The gothic jerseys didn't work this time against Michigan.
In a grind-it-out, low-scoring affair in Ann Arbor, Northwestern (13-10, 4-6 Big Ten) came up second best, falling 58-47 to No. 24 Michigan (18-6, 7-4). Scottie Lindsey led the Wildcats with 15 points, but he was the only Wildcat in double figures. After holding an early lead, the NU offense came to a standstill, which allowed John Beilein's team to get back into the game and take the lead.
NU got off to a good start in the game's opening minutes, jumping out to a 14-5 lead over the Wolverines. The Wildcats' offense was balanced in the early going — their first six baskets came from six different players. NU started the game 6-of-8 from the floor, while Michigan began 2-of-9.
The zone was able to keep the Wolverines on the perimeter for most of the first half, forcing a bunch of contested threes. Eight of Michigan's first 10 shots came from three, and only one went in. Michigan finished the half just 3-of-15 from beyond-the-arc.
Michigan's offense picked up midway through the opening frame with baskets from Duncan Robinson and Charles Matthews, but a dunk and three from Scottie Lindsey on consecutive possessions kept Northwestern in front despite a 2-of-7 shooting stretch. Robinson got several open looks from three in the first half, but didn't connect on any of his five attempts.
That Lindsey dunk, which came at the 7:06 mark in the half, was Northwestern's last field goal of the half. Like it has several times this season, the offense came to a screeching halt, and nearly every shot felt contested; the Wildcats turned the ball over eight times before halftime. Michigan didn't do much better, but still managed to string together several baskets to take the lead. NU finished the half shooting just over 33 percent, but trailed just 21-19 entering halftime.
Michigan was able to get the lid off the basket early in the second half, scoring the first five points of the second half to cap what had been a 15-0 run tracing back to the first half. Unlike in the first half, Beilein's team came out hot from downtown, hitting three of its first four triples.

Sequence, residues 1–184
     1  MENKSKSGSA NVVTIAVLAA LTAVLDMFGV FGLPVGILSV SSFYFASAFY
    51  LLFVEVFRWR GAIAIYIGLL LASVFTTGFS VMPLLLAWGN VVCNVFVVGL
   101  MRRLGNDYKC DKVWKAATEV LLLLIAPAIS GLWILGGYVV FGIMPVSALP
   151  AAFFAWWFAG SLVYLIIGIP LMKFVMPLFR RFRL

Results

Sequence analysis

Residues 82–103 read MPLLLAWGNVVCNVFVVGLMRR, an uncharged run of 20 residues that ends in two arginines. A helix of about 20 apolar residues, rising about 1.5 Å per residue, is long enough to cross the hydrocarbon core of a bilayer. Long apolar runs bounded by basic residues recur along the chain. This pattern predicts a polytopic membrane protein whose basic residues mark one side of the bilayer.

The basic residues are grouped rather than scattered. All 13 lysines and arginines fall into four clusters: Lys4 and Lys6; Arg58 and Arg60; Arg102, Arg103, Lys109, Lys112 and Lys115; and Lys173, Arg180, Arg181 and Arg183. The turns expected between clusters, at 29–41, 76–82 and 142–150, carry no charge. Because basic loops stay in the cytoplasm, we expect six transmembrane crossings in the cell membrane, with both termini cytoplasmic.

Somehow, someway, Northwestern found a way to stay in the game after a putrid offensive stretch. An Aaron Falzon three cut the Wolverine lead to 3 with 10:12 to go, but Northwestern failed to score for the next five minutes of game time as Michigan pushed the lead to ten. The Wildcats struggled to find open looks, amassing only seven assists for the entire game.
Matthews paced the home team, scoring 14 points and turning steals into transition buckets on several occasions.
The rest of the second half was more of the same. Northwestern had trouble generated open looks from the outside and around the rim, and Michigan started hitting the shots they had missed in the first half. The Wildcats made a late push, but the game was never really in doubt for the Wolverines down the stretch.
1. Northwestern's offense was downright terrible
Like, it was really bad. NU shot 38 percent from the floor, 4-of-16 from three, and turned the ball over 16 times. Only Dererk Pardon shot better than 50 percent on field goals. Northwestern's defense kept it in the game for a while, but the offense just wasn't good enough to pull away early on or to come back in the second half. Northwestern hasn't really been able to put it all together on both ends of the floor all season. Collins talked about the team's togetherness last week after watching the Big Ten Network documentary "First Dance," but his team only had seven assists Monday. If only Northwestern had a score-first, attacking player to come in off the bench...
2. Northwestern's postseason chances are shaky at best
They may have already been dead, but it's nearly impossible to envision a scenario in which Northwestern makes the NCAA Tournament, and the NIT could even be in jeopardy. Home games against Michigan and Michigan State will provide opportunities to pick up key wins, but it would be surprising if NU won either of those. The performance in Ann Arbor wasn't completely bad, but, as Chris Collins mentioned last week, the team had basically no margin for error. Welp.